Menu Close

Peripheral Artery Disease (PAD) Patient Resources

Peripheral Artery Disease (PAD) Patient Resources

Welcome to our resource center dedicated to helping patients better understand Peripheral Artery Disease (PAD). 

Whether you’re seeking information for yourself or a loved one, our goal at the Vascular Institute of Ohio is to provide clear, reliable information to help you understand PAD, its symptoms, risk factors, treatment options, and more.

Peripheral Artery Disease (PAD) Patient Resources

Welcome to our resource center dedicated to helping patients better understand Peripheral Artery Disease (PAD). 

Whether you’re seeking information for yourself or a loved one, our goal at the Vascular Institute of Ohio is to provide clear, reliable information to help you understand PAD, its symptoms, risk factors, treatment options, and more.

 

What is Peripheral Artery Disease (PAD)?

Peripheral Artery Disease, commonly referred to as PAD, is a circulatory condition that occurs when there is a buildup of plaque in the arteries that supply blood to your limbs. This buildup restricts blood flow, primarily affecting the arteries in the legs. 

Left untreated, PAD can lead to serious complications, including pain, difficulty walking, and in severe cases, limb amputation.

 

Peripheral Artery Disease FAQ’s

Q: What causes Peripheral Artery Disease?
A: The primary cause of PAD is atherosclerosis, a condition where fatty deposits (plaque) accumulate in the arteries, narrowing and eventually blocking them.

Q: Are there any early warning signs of PAD?
A: Yes, common signs include leg pain or cramping during activity, slow-healing sores on the legs, and changes in skin color or temperature.

Q: Is PAD a common condition?
A: Yes, PAD is a prevalent condition, particularly in individuals over the age of 50. Smoking, diabetes, and high blood pressure increase the risk.

 

Treatment Options for Peripheral Artery Disease

Effective management of PAD involves lifestyle changes, medications, and, in some cases, surgical intervention. 

 

Treatment for Peripheral Artery Disease  (PAD) may include:

  • Lifestyle Modifications: Adopting a healthier lifestyle through regular exercise, smoking cessation, and a heart-healthy diet.
  • Medications: Prescribed medications to manage symptoms and control risk factors such as high blood pressure and cholesterol.
  • Interventional Procedures: Procedures like angioplasty or stent placement may be recommended to improve blood flow.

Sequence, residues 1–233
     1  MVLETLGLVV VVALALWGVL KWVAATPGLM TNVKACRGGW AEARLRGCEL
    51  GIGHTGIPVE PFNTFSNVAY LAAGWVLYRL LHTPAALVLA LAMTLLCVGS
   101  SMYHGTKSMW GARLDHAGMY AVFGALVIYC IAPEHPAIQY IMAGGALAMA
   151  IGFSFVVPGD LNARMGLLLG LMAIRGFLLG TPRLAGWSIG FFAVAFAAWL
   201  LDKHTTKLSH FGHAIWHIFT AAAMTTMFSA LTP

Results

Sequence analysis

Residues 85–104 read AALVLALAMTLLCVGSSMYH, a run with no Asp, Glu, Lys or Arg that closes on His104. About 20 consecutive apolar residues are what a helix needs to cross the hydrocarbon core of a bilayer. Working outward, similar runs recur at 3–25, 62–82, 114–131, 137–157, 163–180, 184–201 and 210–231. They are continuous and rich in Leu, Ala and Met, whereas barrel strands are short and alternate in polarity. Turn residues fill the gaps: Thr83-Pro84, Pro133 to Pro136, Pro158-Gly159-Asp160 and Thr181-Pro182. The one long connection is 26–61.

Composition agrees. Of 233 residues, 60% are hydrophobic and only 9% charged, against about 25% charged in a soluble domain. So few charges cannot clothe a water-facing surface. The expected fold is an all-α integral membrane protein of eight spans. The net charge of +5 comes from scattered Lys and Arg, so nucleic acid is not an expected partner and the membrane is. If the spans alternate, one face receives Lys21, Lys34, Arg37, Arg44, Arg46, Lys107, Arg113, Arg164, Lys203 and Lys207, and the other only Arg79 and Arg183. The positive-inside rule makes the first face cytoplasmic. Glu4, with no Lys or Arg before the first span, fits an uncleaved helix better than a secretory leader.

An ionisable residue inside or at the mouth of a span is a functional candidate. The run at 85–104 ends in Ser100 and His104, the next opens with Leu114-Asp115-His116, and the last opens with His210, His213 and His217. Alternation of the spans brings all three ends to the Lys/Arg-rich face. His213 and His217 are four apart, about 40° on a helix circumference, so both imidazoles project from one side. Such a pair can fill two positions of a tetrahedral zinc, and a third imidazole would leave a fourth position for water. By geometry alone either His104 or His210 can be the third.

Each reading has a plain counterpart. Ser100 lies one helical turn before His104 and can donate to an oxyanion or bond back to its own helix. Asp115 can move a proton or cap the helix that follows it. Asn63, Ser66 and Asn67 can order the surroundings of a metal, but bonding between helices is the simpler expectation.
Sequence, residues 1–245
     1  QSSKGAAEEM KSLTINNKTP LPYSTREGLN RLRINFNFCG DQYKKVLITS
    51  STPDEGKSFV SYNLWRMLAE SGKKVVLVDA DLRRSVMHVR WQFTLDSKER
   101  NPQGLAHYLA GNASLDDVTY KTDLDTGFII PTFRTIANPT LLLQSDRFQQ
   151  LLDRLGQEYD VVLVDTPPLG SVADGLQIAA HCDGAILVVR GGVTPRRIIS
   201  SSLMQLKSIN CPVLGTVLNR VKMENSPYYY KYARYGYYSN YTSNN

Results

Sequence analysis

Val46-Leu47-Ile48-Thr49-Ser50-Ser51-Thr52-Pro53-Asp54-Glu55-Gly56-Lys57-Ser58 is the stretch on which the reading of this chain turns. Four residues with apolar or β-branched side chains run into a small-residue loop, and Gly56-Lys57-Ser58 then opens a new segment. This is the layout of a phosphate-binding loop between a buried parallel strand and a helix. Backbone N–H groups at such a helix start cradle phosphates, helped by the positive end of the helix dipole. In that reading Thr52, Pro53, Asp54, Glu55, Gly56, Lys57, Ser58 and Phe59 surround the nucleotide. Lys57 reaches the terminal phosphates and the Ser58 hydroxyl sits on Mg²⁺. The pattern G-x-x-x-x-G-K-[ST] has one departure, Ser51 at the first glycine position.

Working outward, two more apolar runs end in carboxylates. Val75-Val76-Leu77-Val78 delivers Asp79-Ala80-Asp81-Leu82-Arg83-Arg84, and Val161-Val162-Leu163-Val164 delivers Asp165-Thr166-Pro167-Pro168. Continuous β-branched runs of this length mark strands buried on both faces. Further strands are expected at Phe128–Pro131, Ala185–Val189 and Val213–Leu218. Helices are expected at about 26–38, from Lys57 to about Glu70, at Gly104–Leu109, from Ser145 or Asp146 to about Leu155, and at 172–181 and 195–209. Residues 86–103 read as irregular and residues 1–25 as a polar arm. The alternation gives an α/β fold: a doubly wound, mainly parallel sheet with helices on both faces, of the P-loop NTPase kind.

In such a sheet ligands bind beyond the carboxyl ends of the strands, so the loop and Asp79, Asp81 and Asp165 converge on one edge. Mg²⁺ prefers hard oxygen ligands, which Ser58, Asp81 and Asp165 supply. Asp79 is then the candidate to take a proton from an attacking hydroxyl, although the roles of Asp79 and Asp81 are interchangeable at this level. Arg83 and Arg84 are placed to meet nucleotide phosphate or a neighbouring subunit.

• Surgery: In severe cases, bypass surgery may be necessary to reroute blood around blocked arteries.

 

Signs and Symptoms of Peripheral Artery Disease

Recognizing the signs and symptoms of PAD is crucial for early detection and intervention. 

 

Common indications include:

  • Leg pain or cramping during activity
  • Numbness or weakness in the legs
  • Slow-healing sores or wounds on the legs
  • Changes in leg color or temperature

 

Risk Factors

Several factors contribute to the development of PAD, including:

  • Smoking
  • Diabetes
  • High blood pressure
  • High cholesterol
  • Age (particularly those over 50)
  • Family history of cardiovascular diseases

 

Facts and Statistics About Peripheral Artery Disease

  • Approximately 8 to 12 million Americans are affected by PAD.
  • PAD is often underdiagnosed, with many individuals not experiencing symptoms until the disease is advanced.
  • People with PAD have an increased risk of heart attack and stroke.

 

Glossary of Peripheral Artery Disease Terminology

Atherosclerosis: The buildup of plaque composed of cholesterol, fat, and other substances, on the walls of arteries.

Angioplasty: A medical procedure to widen narrowed or blocked arteries.

Stent: A small mesh tube placed in an artery to keep it open and improve blood flow.

Bypass Surgery: Surgical procedure to create a new route for blood flow, bypassing blocked arteries.

 


 

Thank you for visiting our Peripheral Artery Disease (PAD) Patient Resources page.

Empower yourself with knowledge, and remember, early detection and proactive management are keys to living a healthier life with Peripheral Artery Disease. 

If you have specific questions or concerns, please contact the Vascular Institute of Ohio friendly office staff for an appointment or consultation with one of our physicians.